- Director: Erik Skjoldbjærg
- Writers: Erik Skjoldbjærg and Nikolaj Frobenius
- Starring: Stellan Skarsgård, Sverre Anker Ousdal, Bjørn Floberg, Gisken Armand, Maria Bonnevie, Bjørn Moan, Maria Mathiesen, Marianne O. Ulrichsen, Kristian Figenschow, Thor Michael Aamodt, and Frode Rasmussen
- Where to Watch: Stream with subscription on the Criterion Channel, buy or rent on Amazon Video or Apple TV
For some movies you have to go, “here’s the plot, it may not sound like any great shakes, but I promise it’s very well done,” and then there are movies like Insomnia, where the premise basically sells itself. Whether this is the case for you personally with any particular movie premise is a different question, but the elevator pitch for Insomnia is 100% Something I Would Watch. Norway’s entry in our World Cinema Winter Festival is a thriller about a big city (in this case the big city is Oslo, I think) detective called in to investigate the brutal murder of a teenage girl in a small town. The thing is, this small town is Tromsø, Norway, above the Arctic Circle, and for two months every summer (aka when this movie is taking place) the sun never sets, even in the middle of the night. Our detective finds that he can’t sleep, and some combination of the case, the constant sunlight, and other things is causing him to go crazy.
Detective Engstrom is played by Swedish actor Stellan Skarsgård, his part being rewritten after his casting to make the character a Swede who had moved to Norway. This distinction actually matters in more than one way that I don’t think I initially picked up on, including that Swedish police officers generally do carry firearms while their Norwegian counterparts do not, a fact that becomes very important to the plot of the movie. In any case, English-language viewers are likely to recognize Skarsgård, as he, partly due to the notoriety of his role in this movie, has since transitioned to mostly taking English-speaking roles. This included a recurring Marvel Cinematic Universe Role as Norwegian scientist Erik Selvig, because, as I confirmed watching this movie, Swedish and Norwegian accents all sound the same to us Americans. Skarsgård (with lots of makeup) also appeared this past year as the villainous Baron Harkonnen in the new Dune movie.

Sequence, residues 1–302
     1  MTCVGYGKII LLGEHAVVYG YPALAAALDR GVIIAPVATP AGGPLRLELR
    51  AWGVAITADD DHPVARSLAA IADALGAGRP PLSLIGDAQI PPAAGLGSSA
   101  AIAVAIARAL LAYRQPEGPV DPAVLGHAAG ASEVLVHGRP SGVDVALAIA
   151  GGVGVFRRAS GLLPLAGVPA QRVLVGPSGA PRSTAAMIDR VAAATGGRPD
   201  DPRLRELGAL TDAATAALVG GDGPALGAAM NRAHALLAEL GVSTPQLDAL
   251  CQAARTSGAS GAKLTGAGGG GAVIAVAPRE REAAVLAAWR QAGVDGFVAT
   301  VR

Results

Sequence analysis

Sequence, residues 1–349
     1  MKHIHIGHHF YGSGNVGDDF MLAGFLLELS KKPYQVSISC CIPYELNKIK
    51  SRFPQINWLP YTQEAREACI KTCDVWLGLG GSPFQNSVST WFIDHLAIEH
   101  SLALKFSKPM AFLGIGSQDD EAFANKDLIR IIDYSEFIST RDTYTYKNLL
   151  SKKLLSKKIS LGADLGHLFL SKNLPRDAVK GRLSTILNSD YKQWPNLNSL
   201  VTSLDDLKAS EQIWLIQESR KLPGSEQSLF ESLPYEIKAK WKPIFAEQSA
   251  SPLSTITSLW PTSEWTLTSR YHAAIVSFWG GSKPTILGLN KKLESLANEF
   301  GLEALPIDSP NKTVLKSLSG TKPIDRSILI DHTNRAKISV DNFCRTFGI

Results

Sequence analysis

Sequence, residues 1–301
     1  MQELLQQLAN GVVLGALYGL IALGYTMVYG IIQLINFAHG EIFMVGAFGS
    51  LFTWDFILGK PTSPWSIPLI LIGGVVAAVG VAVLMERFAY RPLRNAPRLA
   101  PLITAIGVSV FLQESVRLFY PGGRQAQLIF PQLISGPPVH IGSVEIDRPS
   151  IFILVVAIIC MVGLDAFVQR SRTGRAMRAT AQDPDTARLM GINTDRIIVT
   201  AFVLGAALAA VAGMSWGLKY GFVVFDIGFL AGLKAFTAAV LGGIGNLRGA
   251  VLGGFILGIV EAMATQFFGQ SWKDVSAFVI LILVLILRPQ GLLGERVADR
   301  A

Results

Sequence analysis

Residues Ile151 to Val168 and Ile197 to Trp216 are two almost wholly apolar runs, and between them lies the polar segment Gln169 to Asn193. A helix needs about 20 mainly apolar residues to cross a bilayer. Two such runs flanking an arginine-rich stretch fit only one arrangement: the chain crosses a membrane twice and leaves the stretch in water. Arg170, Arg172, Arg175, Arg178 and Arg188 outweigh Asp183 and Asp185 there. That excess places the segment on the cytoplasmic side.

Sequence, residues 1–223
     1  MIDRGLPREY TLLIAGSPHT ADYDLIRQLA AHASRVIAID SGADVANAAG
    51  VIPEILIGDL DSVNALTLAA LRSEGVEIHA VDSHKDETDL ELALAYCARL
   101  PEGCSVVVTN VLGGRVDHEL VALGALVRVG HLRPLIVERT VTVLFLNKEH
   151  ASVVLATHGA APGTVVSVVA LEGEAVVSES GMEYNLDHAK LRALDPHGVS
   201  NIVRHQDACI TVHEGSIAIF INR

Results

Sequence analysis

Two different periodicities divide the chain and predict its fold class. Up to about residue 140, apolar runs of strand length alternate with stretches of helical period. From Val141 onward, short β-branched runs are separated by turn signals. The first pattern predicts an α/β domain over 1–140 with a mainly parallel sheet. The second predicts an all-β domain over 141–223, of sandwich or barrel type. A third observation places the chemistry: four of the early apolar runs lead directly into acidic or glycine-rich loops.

There is a term you’ll hear today, “Nordic Noir,” which stems from the sudden and surprising international popularity over the past 20 years or so of various crime novels from Scandinavia, such as The Girl With the Dragon Tattoo, and their movie and TV adaptations. Insomnia has been sort of retroactively subsumed within this trend, though it certainly predated any idea of “Nordic Noir” as a thing. As the director, Erik Skjoldbjærg, points out in an interview on the Criterion Channel special features for the movie, there probably hadn’t been a domestically-made thriller made in Norway for ten years at the time this movie came out. It was very much an original thing.